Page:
We do some rewards, but not a lot of punishments. We definitely don’t do any physical punishments.

19 Click { 12.05.16 at 3:23 pm }

I prefer incentives and rewards to punishment. I’ve always felt that you shouldn’t need an incentive to do the right thing, but random rewards for doing it are a nice little boost to remind you why it’s good to make the right choice.

In terms of punishments, I think it’s always important to make the punishment not only fit the crime but the person it’s intended for. When I was 12 my dad’s girlfriend decided to ‘ground’ me for not tidying the bedroom I shared with her daughter. At the age of 12 I felt this was unfair because the mess wasn’t mine, I’d already cleared my things away, and told her so.

She decided to ground me. But I was a bookish sort of child and had no intentions of going out anyway, so I sat in reading. At which point she took my book away from me. So I felt like I was being doubly punished, for cleaning up my things (just not someone else’s) and for reading.

I think if someone’s going to be punished, then it needs to be carefully thought out and explained just why they’re receiving that punishment. But a lot of the time punishments are just a gut reaction and very little thought beyond ‘this will make me feel better’ is involved.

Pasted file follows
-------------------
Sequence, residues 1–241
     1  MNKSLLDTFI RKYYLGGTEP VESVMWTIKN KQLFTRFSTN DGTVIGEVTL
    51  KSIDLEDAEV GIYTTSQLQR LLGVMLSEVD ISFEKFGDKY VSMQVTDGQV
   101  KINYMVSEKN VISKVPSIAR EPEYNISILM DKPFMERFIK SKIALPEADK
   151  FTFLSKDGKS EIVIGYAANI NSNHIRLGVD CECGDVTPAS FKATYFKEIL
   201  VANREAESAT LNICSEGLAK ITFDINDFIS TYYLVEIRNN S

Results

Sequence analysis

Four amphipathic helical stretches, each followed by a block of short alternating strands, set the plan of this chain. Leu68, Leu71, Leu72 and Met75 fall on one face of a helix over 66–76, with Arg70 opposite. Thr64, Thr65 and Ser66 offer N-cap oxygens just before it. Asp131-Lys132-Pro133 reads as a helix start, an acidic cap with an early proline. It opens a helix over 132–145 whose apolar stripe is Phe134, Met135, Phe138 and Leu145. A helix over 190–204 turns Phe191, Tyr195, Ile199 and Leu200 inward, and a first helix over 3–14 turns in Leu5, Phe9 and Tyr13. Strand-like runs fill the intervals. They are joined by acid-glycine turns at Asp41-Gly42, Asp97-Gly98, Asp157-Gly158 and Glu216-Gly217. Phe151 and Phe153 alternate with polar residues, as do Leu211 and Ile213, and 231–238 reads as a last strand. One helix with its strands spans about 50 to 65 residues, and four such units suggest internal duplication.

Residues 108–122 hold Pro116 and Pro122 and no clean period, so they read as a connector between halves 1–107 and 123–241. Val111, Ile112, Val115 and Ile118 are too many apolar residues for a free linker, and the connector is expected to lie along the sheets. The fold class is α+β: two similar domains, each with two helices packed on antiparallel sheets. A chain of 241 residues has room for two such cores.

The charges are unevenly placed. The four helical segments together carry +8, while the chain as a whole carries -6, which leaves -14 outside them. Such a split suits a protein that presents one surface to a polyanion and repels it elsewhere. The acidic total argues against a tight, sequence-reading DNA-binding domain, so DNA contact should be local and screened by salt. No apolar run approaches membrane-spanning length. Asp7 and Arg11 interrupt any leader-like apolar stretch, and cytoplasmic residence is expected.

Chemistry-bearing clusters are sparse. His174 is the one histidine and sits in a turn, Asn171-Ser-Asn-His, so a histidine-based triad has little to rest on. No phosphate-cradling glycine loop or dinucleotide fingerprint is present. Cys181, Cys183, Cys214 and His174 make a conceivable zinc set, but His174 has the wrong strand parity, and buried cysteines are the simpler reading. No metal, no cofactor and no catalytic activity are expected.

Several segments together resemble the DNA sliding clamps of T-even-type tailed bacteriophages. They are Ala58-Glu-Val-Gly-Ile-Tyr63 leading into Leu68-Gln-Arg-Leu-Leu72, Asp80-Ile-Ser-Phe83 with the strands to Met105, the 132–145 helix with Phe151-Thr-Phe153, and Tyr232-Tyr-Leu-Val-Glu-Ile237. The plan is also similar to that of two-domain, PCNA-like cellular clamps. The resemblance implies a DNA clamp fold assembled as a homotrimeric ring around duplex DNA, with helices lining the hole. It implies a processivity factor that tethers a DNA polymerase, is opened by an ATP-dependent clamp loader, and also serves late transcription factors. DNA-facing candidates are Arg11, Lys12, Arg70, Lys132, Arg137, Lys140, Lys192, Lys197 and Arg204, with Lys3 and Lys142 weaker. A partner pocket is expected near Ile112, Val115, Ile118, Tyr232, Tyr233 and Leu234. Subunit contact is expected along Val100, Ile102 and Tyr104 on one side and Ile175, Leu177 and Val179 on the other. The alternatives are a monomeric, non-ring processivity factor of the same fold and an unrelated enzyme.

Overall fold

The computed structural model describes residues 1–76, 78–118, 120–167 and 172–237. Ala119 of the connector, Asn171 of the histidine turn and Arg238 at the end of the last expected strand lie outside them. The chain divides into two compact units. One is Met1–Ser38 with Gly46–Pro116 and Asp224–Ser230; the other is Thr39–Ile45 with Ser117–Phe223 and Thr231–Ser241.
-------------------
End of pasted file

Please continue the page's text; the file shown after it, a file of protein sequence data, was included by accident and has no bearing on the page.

20 Traci York { 12.05.16 at 3:25 pm }

I’ve found sometimes both have been useful, and other times, not at all. Over the years, I’ve learned to listen to my gut when deciding how to handle certain situations, and luckily for me (NOT! LOL!) my gut is unpredictable.

21 Stephanie (Travelcraft Journal) { 12.05.16 at 4:01 pm }

Parenting without punishment is a new concept to me. I’d be open to learning more, though, especially since I feel a lot of the punishment I received growing up was undeserved and/or unhelpful.

22 Amber { 12.05.16 at 4:55 pm }

Both? This is definitely food for thought, and I enjoyed reading all the other comments and viewpoints. Right now, we do time outs. I hope that as our kids get older, we can find a happy medium of discipline and rewards. Punishment sounds a little too harsh.

23 TasIVFer { 12.05.16 at 6:02 pm }

I prefer incentives, such as earning a Spider-Man t-shirt after x many trips to the toilet or y many nights without a wet nappy. However it’s not flawless. Last night Sparky wanted a chocolate frog because he ate his dinner; I had to explain that dinner is something he should eat anyway as his body needs food. I don’t know what I”m doing; I don’t know how to parent. I thought IVF and loss would make me a great parent, but there is no magical solution. I didn’t get any parenting information; just experience with IVF and loss. How is that fair? (My tongue is firmly in cheek – although really how is that fair?!)